A 5m great white shark spent nearly a week cruising up and down Perth's beaches, setting off satellite receivers at Cottesloe, City Beach, Scarborough and Ocean Reef, new tracking data has revealed.
Another similar-sized shark spent up to eight weeks off the South-West coast, according to shark behaviour research released on the State Government's Sharksmart website.
The tracking data from five tagged great whites represents a fraction of the research collected by the Department of Fisheries since the State's shark monitoring network was established in 2009.
Tracking information from another 22 tagged sharks is being finalised and will appear on the website, which was launched last week.
It comes as the fisherman in charge of monitoring drum lines in the South-West caught and killed another shark off Meelup beach and a tiger shark was caught and released near Floreat.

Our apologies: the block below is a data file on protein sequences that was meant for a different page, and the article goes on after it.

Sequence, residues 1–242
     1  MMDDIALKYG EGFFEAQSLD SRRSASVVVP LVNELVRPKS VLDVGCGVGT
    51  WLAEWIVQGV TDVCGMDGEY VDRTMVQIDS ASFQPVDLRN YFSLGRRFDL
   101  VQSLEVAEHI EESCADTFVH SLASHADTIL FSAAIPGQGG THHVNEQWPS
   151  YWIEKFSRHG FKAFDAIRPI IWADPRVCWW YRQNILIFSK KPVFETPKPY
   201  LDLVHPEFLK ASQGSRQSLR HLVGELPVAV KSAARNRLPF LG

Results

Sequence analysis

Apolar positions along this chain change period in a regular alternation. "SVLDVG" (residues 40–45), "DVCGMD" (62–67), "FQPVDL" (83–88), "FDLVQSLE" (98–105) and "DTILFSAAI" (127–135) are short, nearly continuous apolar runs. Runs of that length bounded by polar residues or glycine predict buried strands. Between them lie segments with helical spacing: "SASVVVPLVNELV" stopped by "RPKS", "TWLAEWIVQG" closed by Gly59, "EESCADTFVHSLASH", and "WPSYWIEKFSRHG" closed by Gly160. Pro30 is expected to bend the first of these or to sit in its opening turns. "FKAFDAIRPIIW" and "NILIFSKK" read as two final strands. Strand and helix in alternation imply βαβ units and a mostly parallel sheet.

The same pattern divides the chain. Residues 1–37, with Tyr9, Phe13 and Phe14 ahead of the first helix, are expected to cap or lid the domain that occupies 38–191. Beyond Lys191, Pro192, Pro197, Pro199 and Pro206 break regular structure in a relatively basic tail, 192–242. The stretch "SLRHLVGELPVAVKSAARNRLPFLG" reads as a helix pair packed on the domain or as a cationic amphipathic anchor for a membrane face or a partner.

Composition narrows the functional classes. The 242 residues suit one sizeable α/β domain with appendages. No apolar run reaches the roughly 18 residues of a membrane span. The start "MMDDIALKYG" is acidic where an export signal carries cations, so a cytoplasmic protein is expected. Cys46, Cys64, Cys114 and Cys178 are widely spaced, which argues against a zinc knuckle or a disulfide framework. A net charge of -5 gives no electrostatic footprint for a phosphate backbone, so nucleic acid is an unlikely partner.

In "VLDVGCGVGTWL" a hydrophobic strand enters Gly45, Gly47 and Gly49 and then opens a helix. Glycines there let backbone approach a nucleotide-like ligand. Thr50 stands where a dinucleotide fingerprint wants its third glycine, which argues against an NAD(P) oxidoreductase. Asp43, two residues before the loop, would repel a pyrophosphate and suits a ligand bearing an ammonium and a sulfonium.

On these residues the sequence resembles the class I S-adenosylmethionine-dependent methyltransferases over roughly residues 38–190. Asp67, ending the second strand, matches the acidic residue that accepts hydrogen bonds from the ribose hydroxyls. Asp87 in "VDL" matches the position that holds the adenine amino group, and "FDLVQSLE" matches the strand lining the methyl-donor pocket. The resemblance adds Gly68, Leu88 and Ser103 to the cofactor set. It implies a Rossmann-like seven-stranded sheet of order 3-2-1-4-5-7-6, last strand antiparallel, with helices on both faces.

Separately an activist protesting against the Government's shark kill policy had his boat impounded.
The research includes the movements of a 5m female, known as WA013, which became the first shark to test the Government's fully automated satellite-linked detection alert system in July 2012.
"WA013 was detected almost continuously throughout the metropolitan receiver network and the Department of Fisheries Cockburn Sound acoustic receiver arrays between July 2 and 8, 2012," the website said.
"During that week she generated further detection alerts at satellite receivers stationed 3.5km off Trigg and at Scarborough, Floreat, City Beach and Leighton."
Another 5m shark, a male known as SA093, was thought to have spent seven to eight weeks around south-western WA in late 2012.
The department's principal research scientist Rory McAuley said tagged shark data was still being collected.
CSIRO marine biologist Russell Bradford said the more that was known about the movements of great whites, the better the risk could be managed.
"Of note is that these tracks and others show that white sharks travel widely and generally do not stay in one area for extended periods," he said.
"On occasion, their movement may be quick, at others they seem to amble."
Shark expert and author Hugh Edwards, who opposes the cull, said the data highlighted the importance of researching shark behaviour.
"What it shows is there's probably a lot more sharks than we think there are and that mostly they behave themselves and that the risks of attacks are very slight," he said.